It’s quite a question and one that is hard to get serious about! But the more one thinks about it, and the more one looks at the origins of the phrase “the bees’ knees,” the more interesting it becomes. It’s not a new expression, and it’s a phrase rich in meaning and history.
Bees’ legs have six sections, each one connected by a joint. So, bees not only have knees, they have many! The most knee-like joint is between the bee’s femur and the tibia. If you think there’s no such thing as bees’ knees, think again. And there’s more to the expression than the literal meaning.
Now that we’ve established that bees have leg joints and leg joints are referred to as knees, we have a definitive answer that bees have knees. They may not be that useful, as a bee still cannot kneel, but that’s only part of the story – how did the expression arise, what does it really mean, and are bees’ knees associated in any way with a fly’s thighs?
Where Are The Knees On A Bee?
A bee, like all insects, has three pairs of legs, so a total of six. As mentioned, each leg is made up of six segments connected by joints.
- The coxa is a small segment that connects the top of each leg to the thorax or body of the bee, with the front pair pointing forward, the center pair slightly backward, and the rear pair pointing backward. So, this joint could be considered a shoulder or hip joint rather than a knee.
- The trochanter is a tiny segment between the coxa and the femur, allowing upward and downward movement of each leg. The joints here are a sort of a knee in how they function.
- The femur is connected to the trochanter by a diagonal joint so that both segments move as one – not a knee in the true sense of the word.
- The tibia is the fourth segment, joining the femur and metatarsus, and this is considered to be the bee’s knee.
- The metatarsus connects the tibia and the tarsus. It contains a tendon rather than muscle, so it can be compared to a heel or ankle.
- Lastly, the tarsus, which is the bee’s foot, contains three tarsi and a pre-tarsus or claw.
So, we can confirm that the bee has at least six definite knees and another twelve joints which perform some of the functions associated with the knee. They may be small, but they work!
Does A Bee Need Knees?
While all six legs are used for walking, the front and rear legs also have additional functions, and the bees’ knees have an essential role to play.
- The front pair is also used for grooming the antennae and for moving the pollen from the flower to the rear end of the bee. The bee’s knees help to rotate the legs to perform these maneuvers.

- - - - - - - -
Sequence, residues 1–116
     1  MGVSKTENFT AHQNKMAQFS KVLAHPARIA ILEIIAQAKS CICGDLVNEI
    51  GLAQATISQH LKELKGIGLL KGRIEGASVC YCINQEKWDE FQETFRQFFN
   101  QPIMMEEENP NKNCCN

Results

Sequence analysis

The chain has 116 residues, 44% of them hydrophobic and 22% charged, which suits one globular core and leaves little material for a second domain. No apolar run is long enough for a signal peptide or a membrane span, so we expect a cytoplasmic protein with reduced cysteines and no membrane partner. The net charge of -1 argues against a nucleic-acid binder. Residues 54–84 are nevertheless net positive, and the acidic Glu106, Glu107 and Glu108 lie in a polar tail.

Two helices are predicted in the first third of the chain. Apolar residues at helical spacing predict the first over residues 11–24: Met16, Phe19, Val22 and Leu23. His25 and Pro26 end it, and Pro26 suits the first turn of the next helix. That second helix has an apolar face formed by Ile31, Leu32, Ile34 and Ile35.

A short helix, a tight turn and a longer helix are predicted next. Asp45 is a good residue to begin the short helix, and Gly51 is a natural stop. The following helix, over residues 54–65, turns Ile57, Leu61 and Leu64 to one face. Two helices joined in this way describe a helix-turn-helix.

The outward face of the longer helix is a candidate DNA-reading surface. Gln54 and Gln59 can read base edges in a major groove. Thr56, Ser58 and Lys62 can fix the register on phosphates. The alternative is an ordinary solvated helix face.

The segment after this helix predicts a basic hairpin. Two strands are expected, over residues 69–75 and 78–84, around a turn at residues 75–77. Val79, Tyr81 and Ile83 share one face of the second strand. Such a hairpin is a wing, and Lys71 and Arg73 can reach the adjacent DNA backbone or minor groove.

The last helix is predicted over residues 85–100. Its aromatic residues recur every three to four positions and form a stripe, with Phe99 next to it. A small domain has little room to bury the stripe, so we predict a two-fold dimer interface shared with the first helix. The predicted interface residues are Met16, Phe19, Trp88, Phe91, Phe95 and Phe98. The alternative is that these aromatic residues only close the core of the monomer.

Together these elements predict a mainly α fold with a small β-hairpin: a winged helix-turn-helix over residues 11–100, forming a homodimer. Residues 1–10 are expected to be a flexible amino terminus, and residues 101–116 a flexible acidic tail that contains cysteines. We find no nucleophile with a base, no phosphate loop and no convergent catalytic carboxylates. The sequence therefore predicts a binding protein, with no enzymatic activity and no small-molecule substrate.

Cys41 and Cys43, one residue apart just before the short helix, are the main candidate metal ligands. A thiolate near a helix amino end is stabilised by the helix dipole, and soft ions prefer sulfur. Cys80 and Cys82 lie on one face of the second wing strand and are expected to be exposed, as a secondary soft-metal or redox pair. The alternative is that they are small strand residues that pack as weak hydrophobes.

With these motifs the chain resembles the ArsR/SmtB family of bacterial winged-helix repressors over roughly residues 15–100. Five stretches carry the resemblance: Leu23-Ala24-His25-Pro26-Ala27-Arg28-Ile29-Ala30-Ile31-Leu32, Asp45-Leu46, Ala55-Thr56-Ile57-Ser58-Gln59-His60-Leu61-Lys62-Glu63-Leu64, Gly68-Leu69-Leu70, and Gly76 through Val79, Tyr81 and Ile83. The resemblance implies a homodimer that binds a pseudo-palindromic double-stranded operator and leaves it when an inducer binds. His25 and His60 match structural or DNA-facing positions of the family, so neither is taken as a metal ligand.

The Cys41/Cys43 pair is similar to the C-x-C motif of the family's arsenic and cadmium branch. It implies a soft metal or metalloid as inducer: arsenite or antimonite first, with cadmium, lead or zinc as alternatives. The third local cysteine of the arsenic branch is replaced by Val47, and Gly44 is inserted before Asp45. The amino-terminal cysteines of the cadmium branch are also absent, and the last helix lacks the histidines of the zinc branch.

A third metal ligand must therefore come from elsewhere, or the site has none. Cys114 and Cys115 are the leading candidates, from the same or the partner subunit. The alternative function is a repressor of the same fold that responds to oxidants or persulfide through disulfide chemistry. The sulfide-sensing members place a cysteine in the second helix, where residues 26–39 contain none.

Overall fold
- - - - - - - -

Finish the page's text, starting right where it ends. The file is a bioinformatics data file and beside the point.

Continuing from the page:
- The bee covers itself in pollen, and then worker bees’ rear legs are used to accumulate the pollen in sacs or pockets called corbicula, where it is mixed with nectar to prevent it from falling when the bee travels back to the hive. There’s a connection here to the meaning of “bee’s knees,” which we’ll discuss later.
- Amazingly, the pre-tarsus or claw is also used to taste the pollen to ensure that it is ready for collection.
So the bee’s legs, with their six segments, their joints, and their knees, are perfectly designed to perform the tasks of collecting, accumulating, and transporting the pollen. They allow the bee to move in any direction, climb any surface, and, to use the idiom correctly, are quite the bee’s knees.
Origin And Meaning Of The Expression The Bee’s Knees
As with so many expressions in the English language, there are several theories and opinions regarding the first time “the bee’s knees” was used either verbally in conversation or in the written form.
“The bee’s knees” is termed an idiom, which is defined as a group of words with an obscure meaning that is not clear from the individual words themselves. Idioms are figures of speech particular to a specific language that reflect a sentiment but are not intended to be taken literally.
The Early Verbal Use Of Bees Knees Is Difficult to Prove
- It has been suggested that the expression is a corruption of “the business,” meaning something of quality and status (“that house is quite the business”). “The business” is a commonly used expression in England rather than in the US. There is the suggestion that Italian immigrants to the United States confused “business” and “bee’s knees” and, in this way, introduced the expression. However, there is no clear evidence available that supports this theory.
- Another unproven suggestion is that the phrase is based on the fact that the sacs which are found on bees’ legs are used to carry pollen back to the hive for the production of honey. Honey is, in turn, synonymous with sweetness, excellence, and goodness. And so the legs, and by association, the knees, are therefore associated with the best life has to offer. While this is an interesting theory, it does seem a little farfetched.
Eighteenth-Century Use Of The Bee’s Knees
In the late eighteenth century, a similar expression was used but denoted something different from the current meaning of the idiom.
- Rather than pertaining to excellence and desirability, it described something as being not as big “as a bee’s knee” and therefore small and insignificant.
- Also, at this time, the phrase was used to describe something that didn’t exist at all. For example, a naïve servant would be sent on a fool’s errand to fetch a bucket of bee’s knees for his master, maybe together with other impossible items like striped paint or hens’ teeth.
Although these meanings persisted into the twentieth century, they have become obsolete, and today they no longer form part of the accepted use of the idiom “the bee’s knees.”
Use Of The Bee’s Knees In Twentieth-Century United States